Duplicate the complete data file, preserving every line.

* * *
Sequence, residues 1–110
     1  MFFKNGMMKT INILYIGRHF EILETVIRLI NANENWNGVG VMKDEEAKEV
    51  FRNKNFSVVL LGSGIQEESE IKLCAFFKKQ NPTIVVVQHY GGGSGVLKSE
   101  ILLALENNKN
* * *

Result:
Sequence, residues 1–110
     1  MFFKNGMMKT INILYIGRHF EILETVIRLI NANENWNGVG VMKDEEAKEV
    51  FRNKNFSVVL LGSGIQEESE IKLCAFFKKQ NPTIVVVQHY GGGSGVLKSE
   101  ILLALENNKN